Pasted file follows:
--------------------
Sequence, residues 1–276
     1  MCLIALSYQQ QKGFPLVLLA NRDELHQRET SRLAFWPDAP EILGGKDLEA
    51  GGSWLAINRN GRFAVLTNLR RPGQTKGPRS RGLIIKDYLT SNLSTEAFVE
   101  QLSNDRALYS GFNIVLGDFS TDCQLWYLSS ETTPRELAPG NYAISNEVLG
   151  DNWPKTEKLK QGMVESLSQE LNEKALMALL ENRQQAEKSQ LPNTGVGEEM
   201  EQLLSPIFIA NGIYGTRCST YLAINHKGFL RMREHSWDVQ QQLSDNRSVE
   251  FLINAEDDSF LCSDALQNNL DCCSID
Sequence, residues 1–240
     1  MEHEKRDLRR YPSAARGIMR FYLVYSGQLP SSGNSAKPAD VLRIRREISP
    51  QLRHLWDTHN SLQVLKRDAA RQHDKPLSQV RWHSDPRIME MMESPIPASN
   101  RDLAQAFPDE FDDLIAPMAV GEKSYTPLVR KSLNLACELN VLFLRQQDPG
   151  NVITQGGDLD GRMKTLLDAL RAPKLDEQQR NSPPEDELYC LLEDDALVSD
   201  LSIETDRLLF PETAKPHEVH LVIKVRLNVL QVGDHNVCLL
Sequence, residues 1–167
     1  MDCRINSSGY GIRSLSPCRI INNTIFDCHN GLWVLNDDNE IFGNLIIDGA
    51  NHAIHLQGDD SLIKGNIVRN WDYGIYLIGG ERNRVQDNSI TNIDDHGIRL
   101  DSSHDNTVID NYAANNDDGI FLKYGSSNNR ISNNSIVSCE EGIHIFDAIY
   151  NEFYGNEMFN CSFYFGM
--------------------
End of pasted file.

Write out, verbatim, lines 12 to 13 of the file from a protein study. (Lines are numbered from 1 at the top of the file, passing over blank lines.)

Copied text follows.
   151  NVITQGGDLD GRMKTLLDAL RAPKLDEQQR NSPPEDELYC LLEDDALVSD
   201  LSIETDRLLF PETAKPHEVH LVIKVRLNVL QVGDHNVCLL